These thick curtains are made to keep cold air out and warm air in. Unlike many other options, they aren’t entirely unsightly. You’ll have a decent amount of color options to choose from as well, meaning you’ll easily be able to match your new curtains to your favorite houseplants and other surroundings.

The only real requirement for these is that you’ll need to have curtain rods pre-installed above the top of the window sill. If not, installing these rods is fairly easy, so no worries there.

Pro tip: pick up a floor rug to help keep your feet warm on those cold mornings!

That’s All You Need to Know About Simple DIY Window Insulation!

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I’m sure most of you were familiar with at least some of these methods, but did you learn any new ones? Hopefully, these tips will help you prevent drafts and lower those energy bills. No one wants to deal with sky-high utility bills, and—using these DIY window insulation methods—you won’t have to.

Like I said, I know we’re not exactly in the winter season just yet. Still, I think getting prepped for winter ahead of time is best. As an added advantage, these methods can also help you keep warm air outside as well, which can definitely help improve your summer experience.
Anyway, thanks so much for reading! I hope you found these methods helpful. If you did, be sure to let me know which one(s) you tried in the comments below. Until next time, I love you guys.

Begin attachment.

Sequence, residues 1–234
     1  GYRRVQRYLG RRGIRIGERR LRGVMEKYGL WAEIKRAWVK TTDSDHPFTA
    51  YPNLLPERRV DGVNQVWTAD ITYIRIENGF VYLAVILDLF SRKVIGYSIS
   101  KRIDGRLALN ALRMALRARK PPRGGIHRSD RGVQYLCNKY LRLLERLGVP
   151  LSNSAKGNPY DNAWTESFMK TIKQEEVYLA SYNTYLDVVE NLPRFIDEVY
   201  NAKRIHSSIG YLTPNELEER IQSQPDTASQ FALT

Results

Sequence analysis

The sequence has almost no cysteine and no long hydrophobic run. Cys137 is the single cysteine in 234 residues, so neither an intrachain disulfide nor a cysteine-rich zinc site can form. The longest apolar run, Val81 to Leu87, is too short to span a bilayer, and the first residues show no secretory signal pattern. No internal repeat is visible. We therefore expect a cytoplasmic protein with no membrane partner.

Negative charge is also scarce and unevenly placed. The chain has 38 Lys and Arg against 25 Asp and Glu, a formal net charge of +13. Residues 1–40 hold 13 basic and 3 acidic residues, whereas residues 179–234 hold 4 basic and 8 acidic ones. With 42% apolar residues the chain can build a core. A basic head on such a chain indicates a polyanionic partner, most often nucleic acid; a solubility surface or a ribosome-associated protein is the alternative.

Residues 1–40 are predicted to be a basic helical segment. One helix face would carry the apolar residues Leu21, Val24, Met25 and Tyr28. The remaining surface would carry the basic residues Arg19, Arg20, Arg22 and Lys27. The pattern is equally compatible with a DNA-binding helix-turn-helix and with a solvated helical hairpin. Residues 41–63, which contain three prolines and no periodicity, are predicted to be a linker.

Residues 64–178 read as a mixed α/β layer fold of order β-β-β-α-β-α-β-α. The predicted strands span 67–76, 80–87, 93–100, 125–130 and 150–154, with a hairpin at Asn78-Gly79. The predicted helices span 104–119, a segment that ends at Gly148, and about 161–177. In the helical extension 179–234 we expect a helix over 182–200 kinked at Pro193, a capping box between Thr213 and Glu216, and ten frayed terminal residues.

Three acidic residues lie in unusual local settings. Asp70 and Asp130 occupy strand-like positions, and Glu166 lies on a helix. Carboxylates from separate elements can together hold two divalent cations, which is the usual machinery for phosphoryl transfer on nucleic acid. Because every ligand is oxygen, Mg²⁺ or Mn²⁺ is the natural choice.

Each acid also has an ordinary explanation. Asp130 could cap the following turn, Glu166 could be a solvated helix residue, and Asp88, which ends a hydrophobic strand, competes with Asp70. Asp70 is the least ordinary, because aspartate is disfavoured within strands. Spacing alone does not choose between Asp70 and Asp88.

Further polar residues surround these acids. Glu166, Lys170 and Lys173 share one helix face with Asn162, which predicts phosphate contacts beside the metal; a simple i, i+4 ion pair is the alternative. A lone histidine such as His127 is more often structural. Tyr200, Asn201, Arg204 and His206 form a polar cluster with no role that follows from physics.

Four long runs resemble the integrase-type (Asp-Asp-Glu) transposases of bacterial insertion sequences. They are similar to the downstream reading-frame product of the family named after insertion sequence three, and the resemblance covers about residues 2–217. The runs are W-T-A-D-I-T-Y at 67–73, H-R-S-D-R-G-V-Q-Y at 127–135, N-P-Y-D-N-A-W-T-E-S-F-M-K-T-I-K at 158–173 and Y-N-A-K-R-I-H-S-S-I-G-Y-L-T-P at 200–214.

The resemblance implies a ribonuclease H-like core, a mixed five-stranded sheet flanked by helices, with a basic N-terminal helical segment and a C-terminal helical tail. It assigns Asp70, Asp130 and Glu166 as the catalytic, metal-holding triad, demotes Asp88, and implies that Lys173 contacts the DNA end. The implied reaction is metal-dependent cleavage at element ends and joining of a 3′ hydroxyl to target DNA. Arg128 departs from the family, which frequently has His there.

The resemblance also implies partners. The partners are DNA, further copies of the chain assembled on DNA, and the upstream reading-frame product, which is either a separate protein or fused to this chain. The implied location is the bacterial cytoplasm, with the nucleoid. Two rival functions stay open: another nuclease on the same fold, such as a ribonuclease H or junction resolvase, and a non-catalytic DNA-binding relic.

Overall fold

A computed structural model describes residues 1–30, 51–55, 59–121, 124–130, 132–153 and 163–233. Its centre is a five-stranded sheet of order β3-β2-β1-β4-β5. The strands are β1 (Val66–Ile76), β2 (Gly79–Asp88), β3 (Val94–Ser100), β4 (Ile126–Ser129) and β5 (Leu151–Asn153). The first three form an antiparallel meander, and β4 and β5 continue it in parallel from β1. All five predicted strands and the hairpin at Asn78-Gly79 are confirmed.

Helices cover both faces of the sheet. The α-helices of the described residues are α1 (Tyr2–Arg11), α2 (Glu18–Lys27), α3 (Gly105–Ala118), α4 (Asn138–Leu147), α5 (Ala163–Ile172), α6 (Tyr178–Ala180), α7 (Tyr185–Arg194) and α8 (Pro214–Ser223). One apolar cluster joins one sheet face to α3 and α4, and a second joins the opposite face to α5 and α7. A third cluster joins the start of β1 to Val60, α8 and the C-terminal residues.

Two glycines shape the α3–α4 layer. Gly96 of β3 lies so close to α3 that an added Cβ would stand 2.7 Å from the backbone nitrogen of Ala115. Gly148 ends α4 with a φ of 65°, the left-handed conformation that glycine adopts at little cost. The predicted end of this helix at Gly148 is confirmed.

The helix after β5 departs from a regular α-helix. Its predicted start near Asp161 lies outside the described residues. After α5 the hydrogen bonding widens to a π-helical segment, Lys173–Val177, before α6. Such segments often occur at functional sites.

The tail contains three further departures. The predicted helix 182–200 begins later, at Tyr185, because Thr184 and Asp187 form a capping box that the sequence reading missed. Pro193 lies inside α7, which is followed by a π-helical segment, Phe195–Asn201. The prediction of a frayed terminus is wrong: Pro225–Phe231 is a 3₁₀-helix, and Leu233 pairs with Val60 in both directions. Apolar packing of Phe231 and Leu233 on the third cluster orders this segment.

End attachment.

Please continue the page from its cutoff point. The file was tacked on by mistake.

Have a great week!

FAQs About DIY Window Insulation

Cabin Suite Builtin Windows

Is aluminum foil a good insulator for windows?

Sort of, but it’s definitely not the best way to do it. Aluminum foil is much better for storing a leftover snack. Still, being reflective, aluminum foil that’s placed inside of a window with the reflective side placed out can help reflect the heat that comes in. However, you’ll want to wrap the foil around pieces of cardboard. Without this step, any insulation effects will be minimal at best.

How to winterize windows from the inside?

The easiest way would be to pick up one of the many dedicated window insulation kits. However, if you want to do things yourself then I’d recommend redoing the caulking, installing window film, and placing thermal curtains.

How long does bubble wrap on windows keep cold out?

Despite being made of relatively thin plastic, a single layer of bubble wrap can provide five or more years of protection against the cold!

Can you use cling film to insulate windows?

Using cling film will work in a pinch, but—depending on the size of the inside of the window pane—-it might not be the best solution. Sizing issues will be your main obstacle. If feasible, I recommend just getting window film instead as this will be sized correctly and more resistant to tearing.

Which side of bubble wrap goes against the window?

You want the bubble side facing the window, as this places the pockets of air in between the room’s interior and the inside of your window.for maximum insulation.

Can you put bubble wrap on windows in summer?

You definitely can! It might not be the prettiest or the best insulation around, but bubble wrap will work to protect against both hot and cold temperatures from outside.